St. Louis' neighborhoods are gems in their own right: full of history, great people and, as far as Gut Check is concerned, fantastic food. Each week we'll take you into a specific neighborhood and point you in the direction of the best places to grab some bites.
Cherokee Street is the epicenter of Hispanic culture in St. Louis, and all sorts food-loving, fun-seeking folks will flock to it this weekend to partake in Cinco de Mayo festivities: The People's Joy Parade steps off at 1:11 p.m. on Saturday, May 4. But the restaurants and markets along Cherokee Street are worth celebrating all the time. Here are a few of our favorites.
Carniceria Latino Americana (2800 Cherokee Street; 314-773-1707) From its extensive collection of saints candles to phone cards to fresh peppers and produce, Carniceria Latino Americana lives up to its motto "Mexico Viva Aqui" by providing myriad goods and services that help make this neighborhood thrive. Head to the rear of the market and grab some Mexican street-food favorites or see what's filling the butcher's case. Prices are affordable, the staff is always ready to help and the patio is a great place to take in a soccer match, cerveza in hand.
See also: - 2008 Best of St. Louis: Best Mexican Market
Diana's Bakery (2843 Cherokee Street; 314-771-6959) You'd think that the grab-and-go nature of Diana's Bakery would rush customers in and out in no time, but quite the opposite is true. Sliding the cafeteria tray past all the fresh-baked bread, cakes, cookies and other desserts, you stop to admire the sheer volume of it all...and puzzle out what it might be (many of the goodies aren't labeled). The women who work there are happy to help, and they'd surely tell you to save room for its famous churros.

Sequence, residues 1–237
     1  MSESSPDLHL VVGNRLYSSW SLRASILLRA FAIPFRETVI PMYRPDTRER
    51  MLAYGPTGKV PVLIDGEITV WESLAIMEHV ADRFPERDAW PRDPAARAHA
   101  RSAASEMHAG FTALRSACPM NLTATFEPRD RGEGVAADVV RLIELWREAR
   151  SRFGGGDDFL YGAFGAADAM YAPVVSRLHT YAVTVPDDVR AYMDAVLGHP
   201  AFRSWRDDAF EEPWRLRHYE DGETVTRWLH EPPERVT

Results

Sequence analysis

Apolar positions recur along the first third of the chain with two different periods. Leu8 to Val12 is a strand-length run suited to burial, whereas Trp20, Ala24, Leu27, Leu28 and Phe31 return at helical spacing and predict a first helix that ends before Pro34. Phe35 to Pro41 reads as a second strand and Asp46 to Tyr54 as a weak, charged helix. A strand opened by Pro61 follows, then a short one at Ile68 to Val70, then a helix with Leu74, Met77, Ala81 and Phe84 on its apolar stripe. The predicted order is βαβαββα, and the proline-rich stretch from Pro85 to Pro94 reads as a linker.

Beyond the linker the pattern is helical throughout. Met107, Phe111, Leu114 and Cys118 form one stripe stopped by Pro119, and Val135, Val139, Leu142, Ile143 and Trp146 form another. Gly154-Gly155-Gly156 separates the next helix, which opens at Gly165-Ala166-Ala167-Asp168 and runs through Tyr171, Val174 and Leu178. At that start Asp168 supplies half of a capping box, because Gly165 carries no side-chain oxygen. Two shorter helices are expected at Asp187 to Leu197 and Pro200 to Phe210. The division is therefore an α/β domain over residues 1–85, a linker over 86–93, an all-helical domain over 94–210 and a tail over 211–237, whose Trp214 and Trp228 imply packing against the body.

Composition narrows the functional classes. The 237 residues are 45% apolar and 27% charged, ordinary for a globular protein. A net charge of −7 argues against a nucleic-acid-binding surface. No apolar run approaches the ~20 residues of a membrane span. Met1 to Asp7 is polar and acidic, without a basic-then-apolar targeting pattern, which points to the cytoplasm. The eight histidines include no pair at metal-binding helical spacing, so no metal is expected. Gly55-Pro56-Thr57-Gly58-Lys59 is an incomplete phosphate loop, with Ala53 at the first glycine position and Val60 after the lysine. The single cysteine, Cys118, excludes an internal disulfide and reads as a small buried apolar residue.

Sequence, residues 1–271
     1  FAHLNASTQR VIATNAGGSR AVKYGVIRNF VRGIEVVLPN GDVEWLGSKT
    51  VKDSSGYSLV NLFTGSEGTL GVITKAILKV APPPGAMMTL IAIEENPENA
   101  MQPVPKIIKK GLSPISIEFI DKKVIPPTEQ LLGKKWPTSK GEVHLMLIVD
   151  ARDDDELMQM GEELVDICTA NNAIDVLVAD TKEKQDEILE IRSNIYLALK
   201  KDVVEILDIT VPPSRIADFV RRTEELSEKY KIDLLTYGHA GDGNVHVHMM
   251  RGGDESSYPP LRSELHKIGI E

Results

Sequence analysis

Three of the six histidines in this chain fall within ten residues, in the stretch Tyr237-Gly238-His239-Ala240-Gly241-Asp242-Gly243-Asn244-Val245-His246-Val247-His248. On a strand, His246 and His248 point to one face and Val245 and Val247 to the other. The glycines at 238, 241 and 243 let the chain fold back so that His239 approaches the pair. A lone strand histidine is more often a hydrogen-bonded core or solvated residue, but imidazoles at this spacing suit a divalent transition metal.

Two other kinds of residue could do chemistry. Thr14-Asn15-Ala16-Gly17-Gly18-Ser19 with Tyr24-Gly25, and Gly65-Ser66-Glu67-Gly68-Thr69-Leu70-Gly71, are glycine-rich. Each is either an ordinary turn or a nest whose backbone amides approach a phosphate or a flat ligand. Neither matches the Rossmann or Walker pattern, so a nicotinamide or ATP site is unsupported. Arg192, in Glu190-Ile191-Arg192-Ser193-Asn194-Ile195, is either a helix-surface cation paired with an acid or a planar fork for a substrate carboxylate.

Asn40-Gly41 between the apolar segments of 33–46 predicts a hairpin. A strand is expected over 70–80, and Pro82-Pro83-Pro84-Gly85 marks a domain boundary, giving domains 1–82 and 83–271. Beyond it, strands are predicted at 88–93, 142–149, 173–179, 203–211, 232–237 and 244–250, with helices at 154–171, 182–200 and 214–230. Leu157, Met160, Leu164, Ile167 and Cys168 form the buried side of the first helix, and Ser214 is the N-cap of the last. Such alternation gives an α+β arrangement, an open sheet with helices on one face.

Garduño's Mexican Food (2737 Cherokee Street; 314-776-2315) The guacamole is an excellent indication of the attention that's paid to the simplest of dishes at Garduño's Mexican Food. The guac is a vibrant green and perfectly chunky; it practically begs for inclusion on every taco, tostada or burrito that crowds your plate. Likewise, the lightly battered and fried mojarra dorada (think tilapia) is served whole, tender and moist, with just enough crisp to the exterior. There's plenty to pick from at this slip of a place and nary a bad one in the bunch.
La Vallesana (2801 Cherokee Street; 314-776-4223) La Vallesana upgraded its digs last year from a tiny kitchen with a smattering of seats to a brand-new building complete with a large outdoor patio, but its mastery of all things Mexican remains. The tacos al pastor are a particularly good example: The interplay of the cilantro, onion and pineapple against the spicy pork results in perhaps its best-loved dish. Finish up with a dish of homemade ice cream or paletas, sweet Mexican popsicles made with fresh fruit.
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